My first big program of summer was actually a bit of a cheat. Back in March, I planned a program based on the 39 Clues series. Unfortunately, during my planning, I didn't realize that I scheduled the program for Easter weekend. As a result, I had a very low attendance turnout. When it came time to plan summer programming, it made sense to me to try the program again, especially as I had already created all the materials I would need. So, that's exactly what I did.
When the kids first arrived, they all took a quiz to determine in which Cahill branch they belonged. This was mostly to waste a few minutes while we waited for stragglers to show up. After a few minutes, I explained how to score their quiz and figure out which branch was theirs. I think we only had one Janus and one Ekaterina - most everyone was split between Tomas and Lucian. Once we finished the quiz, I explained how the program was going to work. The kids would be split into random teams of three and would try to solve a scavenger hunt. Their clues were numbered, so they had to be sure to find them in the correct numerical order, and they were also color-coded, so they were to only take their clue. Any team caught messing with another team's clues would be disqualified. The clues were hidden around the children's department, and all the information they would need to solve each clue was in the program room. We split up into teams, with some readjusting to make sure each team had three members (I had enough materials for 13 teams of three but didn't have quite that many kids show up), then I handed them their first clues and everyone got started.
Now, we do a lot of scavenger hunts in our children's department and the kids love them. Those hunts are really pretty easy - we hide pictures around the department and the kids just have to find them and cross them off their list. The scavenger hunt that I created for this program was much more difficult. In fact, it took most teams the full two hours of the program to complete the hunt. Each clue was written in a different kind of code - Morse code, Caesar code, Greek box code, hieroglyphics, semaphore, etc. Once they decoded the clue, they had to figure out where it was telling them to find their next clue. For example, one decoded clue said, "Saladin only eats these." Saladin is the pet cat of Amy and Dan in the books and will only eat fresh fish. So that clue was leading them to our aquarium, and so on and so forth. There were nine clues for each team to gather. Once they had all their clues, they had to flip them over and put together a puzzle on the back. It featured a map of the United States with certain states highlighted. They then had to take the first letter of each highlighted state's name and unscramble it to form a word. Once they figured out the word, they had successfully completed the hunt. The first team to finish won copies of the first book for each of its team members and first pick at the trail mix bar. Every other team that finished got to make their own trail mix as they finished the hunt. I was happy that teams kept going with the hunt even after the big prize was gone, but really most teams finished within 15-20 minutes of each other.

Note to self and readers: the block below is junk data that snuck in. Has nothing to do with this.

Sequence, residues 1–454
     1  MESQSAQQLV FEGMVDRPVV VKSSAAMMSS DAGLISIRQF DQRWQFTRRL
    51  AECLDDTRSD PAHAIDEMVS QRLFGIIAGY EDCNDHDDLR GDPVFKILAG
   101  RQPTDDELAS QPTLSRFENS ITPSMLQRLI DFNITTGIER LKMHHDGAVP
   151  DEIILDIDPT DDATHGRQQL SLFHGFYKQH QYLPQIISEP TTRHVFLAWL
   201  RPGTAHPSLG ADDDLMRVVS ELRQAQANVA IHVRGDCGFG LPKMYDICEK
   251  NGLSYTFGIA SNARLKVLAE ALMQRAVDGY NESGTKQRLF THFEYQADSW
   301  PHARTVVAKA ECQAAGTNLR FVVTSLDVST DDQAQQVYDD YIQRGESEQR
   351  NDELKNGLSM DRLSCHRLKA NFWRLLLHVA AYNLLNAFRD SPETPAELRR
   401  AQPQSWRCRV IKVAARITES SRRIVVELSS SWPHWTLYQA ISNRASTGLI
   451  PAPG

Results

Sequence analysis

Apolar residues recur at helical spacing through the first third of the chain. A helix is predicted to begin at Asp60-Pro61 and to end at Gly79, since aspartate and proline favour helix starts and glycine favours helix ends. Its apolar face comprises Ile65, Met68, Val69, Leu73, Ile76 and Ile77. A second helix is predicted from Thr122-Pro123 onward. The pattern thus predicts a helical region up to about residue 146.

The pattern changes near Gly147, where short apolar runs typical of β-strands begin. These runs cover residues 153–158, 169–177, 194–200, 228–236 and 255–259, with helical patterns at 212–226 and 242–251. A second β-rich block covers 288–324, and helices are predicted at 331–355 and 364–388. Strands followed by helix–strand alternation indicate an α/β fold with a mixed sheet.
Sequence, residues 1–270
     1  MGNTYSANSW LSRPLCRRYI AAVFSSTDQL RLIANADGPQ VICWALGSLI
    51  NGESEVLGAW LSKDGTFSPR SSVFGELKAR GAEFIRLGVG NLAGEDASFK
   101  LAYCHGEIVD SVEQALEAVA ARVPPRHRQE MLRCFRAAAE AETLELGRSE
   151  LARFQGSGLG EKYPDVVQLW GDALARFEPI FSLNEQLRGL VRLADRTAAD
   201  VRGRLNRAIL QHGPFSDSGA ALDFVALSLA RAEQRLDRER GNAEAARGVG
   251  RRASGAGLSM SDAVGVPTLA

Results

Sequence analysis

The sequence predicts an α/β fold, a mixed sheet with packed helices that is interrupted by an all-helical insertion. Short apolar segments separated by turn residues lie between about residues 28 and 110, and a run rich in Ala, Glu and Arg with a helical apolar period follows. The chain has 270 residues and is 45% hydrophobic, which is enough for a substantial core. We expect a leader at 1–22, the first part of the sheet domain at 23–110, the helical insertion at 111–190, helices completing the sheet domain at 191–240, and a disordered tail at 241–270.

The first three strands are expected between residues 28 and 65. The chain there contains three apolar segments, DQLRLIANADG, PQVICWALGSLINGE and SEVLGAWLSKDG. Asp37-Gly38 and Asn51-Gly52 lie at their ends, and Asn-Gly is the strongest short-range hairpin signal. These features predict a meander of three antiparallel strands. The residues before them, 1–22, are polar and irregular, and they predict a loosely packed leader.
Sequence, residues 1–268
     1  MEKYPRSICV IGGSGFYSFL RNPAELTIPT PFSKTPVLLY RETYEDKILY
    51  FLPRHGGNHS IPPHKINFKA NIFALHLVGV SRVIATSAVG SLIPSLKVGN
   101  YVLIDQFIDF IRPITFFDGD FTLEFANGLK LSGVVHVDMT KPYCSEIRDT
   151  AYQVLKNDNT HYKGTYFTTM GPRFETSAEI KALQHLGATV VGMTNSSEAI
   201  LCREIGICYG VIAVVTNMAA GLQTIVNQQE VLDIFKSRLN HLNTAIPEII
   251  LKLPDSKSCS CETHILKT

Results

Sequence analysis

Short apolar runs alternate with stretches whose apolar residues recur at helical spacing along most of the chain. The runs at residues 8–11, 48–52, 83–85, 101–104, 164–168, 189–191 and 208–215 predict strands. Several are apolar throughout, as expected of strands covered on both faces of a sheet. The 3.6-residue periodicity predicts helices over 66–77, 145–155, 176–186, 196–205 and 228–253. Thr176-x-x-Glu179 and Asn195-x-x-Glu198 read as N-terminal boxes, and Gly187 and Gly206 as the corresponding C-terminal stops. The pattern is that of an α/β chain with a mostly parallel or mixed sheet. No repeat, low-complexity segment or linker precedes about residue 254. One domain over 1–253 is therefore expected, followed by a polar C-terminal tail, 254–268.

I had a good turnout for the program and I loved seeing the kids work together in teams. One team really impressed me - they set themselves up in a corner and they stuck together, all working hard trying to solve every clue. Everyone seemed to be having fun, though at first many of them were complaining that it was too hard. Most everyone struggled at the beginning, but they all seemed to get the hang of it once they got started. It was a relatively easy program for me once it got underway; I was mostly on hand to help them if they got stuck with the clues. I had trivia ready if we had any time left over, but we definitely did not, so I'll be saving it for another program. This program definitely started the summer off right!